I must admit that the Heisei era of Godzilla has been a mixed bag up to this point. The special effects have been an improvement over what was previously offered. There is also greater continuity between the films. However, some of the plots have been convoluting and musical choices a little uneven at times. So the question going into Godzilla vs. Destoroyah is really whether or not this era will end on a high note or go out with a whimper.
The movie starts off with a bang as Godzilla enters Hong Kong glowing and looking like a walking volcano. The destruction is impressive and enhanced by Godzilla’s new appearance. The steam rising off his body immediately brings one to think Godzilla is essentially burning up. It is soon discovered that Godzilla is in jeopardy of exploding due to his radioactivity, which is now out-of-control. When he does explode, he’ll take most of Japan with him. As work is underway to use anti-nuclear cold weapons to freeze Godzilla, creatures appear from the site of the original Godzilla’s death. They are called Destoroyah, although they are pronounced as “destroyer” in the American version. This was due to copyright reasons Toho faced when bringing their movie to the United States.
The Destroyer (as we’ll call them) is a result of the oxygen destroyer from Gojira in 1954. We get some rare flashbacks that tie this era directly into the original film. The character of Kenichi Yamane (Yasufuni Hayashi) is the grandson of Dr. Yamane, also from Gojira. He’s a young college student who wrote a paper on Godzilla’s condition and G-Force believes he can help before Godzilla explodes. Meanwhile, we have a sub-plot involving psychic Miki Saegusa (played one more time by Megumi Odaka) and another psychic. Personally, I never grew to like the character of Miki. While I can appreciate the continuity of her appearances, she was not a very convincing actress and her scenes tend to drag a little. It was good to see Commander Takaki Aso (Akira Nakao) in the last three films, again bringing a familiar face to a series of films that all connect to each other.
The bulk of the film centers on Godzilla’s impending meltdown and destruction, which was really amazing to watch. It was a great to see how far the special effects have come since the 70s. I also thought the Destroyer, both as smaller individual creatures and the one big morphed crablike beast was one of the better rivals to Godzilla. Godzilla Jr., which had previously annoyed me, has grown up by now and works much better. With Godzilla Jr. eventually killed by the Destroyer, Godzilla seeks revenge before he too meets his end. It is almost sad as we witness Godzilla die on screen. But fear not, Godzilla’s radiation is transferred to Jr., which clearly sets up Jr. as the new Godzilla going forward.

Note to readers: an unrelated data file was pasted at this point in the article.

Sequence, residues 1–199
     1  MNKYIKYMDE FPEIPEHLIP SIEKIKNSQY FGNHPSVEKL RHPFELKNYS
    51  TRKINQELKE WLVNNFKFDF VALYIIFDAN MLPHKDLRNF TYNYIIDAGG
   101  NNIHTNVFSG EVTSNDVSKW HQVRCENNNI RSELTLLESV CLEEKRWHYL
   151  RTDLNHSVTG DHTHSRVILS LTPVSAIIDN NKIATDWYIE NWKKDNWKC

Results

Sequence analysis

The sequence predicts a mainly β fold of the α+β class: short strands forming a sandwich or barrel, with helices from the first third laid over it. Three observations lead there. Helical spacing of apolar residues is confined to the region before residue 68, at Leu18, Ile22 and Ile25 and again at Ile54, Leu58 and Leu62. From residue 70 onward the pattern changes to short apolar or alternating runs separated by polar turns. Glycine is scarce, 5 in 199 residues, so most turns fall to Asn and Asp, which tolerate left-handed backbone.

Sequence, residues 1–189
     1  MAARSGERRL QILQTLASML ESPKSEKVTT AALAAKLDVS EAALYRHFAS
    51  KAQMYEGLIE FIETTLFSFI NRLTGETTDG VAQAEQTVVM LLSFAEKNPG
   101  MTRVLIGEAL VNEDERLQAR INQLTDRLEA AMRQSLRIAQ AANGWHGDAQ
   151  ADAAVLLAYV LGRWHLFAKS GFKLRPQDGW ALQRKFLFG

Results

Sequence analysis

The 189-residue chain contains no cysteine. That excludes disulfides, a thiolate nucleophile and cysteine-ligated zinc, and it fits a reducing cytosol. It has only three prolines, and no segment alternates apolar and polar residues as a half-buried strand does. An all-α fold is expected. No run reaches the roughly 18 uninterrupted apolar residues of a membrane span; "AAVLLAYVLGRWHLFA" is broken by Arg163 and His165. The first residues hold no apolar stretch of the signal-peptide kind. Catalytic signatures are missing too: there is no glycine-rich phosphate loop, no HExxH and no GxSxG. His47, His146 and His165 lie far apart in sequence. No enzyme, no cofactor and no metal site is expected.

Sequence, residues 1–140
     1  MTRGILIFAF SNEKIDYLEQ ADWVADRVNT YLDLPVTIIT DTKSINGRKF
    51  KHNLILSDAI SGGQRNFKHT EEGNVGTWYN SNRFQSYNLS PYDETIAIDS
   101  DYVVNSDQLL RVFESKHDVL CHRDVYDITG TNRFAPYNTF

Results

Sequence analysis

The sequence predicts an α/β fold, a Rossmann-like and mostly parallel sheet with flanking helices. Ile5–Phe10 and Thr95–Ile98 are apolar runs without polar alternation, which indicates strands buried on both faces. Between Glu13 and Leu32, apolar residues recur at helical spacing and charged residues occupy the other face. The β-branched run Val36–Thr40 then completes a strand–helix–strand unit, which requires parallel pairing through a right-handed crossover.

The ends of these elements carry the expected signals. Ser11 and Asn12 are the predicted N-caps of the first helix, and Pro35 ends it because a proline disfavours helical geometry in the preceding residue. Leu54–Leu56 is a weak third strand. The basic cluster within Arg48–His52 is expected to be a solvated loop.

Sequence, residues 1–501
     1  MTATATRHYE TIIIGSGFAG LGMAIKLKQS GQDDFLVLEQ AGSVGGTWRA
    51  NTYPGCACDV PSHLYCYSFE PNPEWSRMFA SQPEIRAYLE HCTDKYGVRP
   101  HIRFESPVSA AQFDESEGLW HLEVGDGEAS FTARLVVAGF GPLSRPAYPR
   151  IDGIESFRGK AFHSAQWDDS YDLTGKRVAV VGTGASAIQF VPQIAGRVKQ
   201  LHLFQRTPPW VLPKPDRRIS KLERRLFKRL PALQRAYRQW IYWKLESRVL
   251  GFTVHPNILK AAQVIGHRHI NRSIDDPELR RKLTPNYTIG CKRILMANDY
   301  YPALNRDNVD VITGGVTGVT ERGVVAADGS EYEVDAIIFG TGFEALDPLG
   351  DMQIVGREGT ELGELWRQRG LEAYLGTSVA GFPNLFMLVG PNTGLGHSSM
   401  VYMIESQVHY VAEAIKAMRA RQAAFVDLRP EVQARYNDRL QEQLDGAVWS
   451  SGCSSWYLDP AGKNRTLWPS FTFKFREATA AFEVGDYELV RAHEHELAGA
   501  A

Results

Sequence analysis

Musically, this movie is back on track as well. Akira Ifukube’s score is ever present in the final credits as we see highlights from the original Gojira as well as of the films in the Heisei era. A fitting end as Godzilla was to be absent from the big screen for a decade. However, with the American flop in 1998, Toho had no choice but to revive the franchise in 1999 with the start of the Millennium era.
Godzilla vs. Destoroyah was a commercial success and is my favorite of the Heisei era, slightly edging out Godzilla Returns. Although it was not released theatrically in the United States, it finally saw a DVD release in 1999, paired up with Godzilla vs. SpaceGodzilla. Check out the trailer on YouTube and get ready for one of better films in the series.
Before anyone asks, no, I will not be reviewing the 1998 American film. That is a Godzilla film in name only and most will agree is not the true Godzilla. I’ll be picking this review series up again in November with the 23rd film in the Toho series, Godzilla 2000: Millennium. Meanwhile, things are gearing up here for the 2nd Annual 31 Days of Halloween.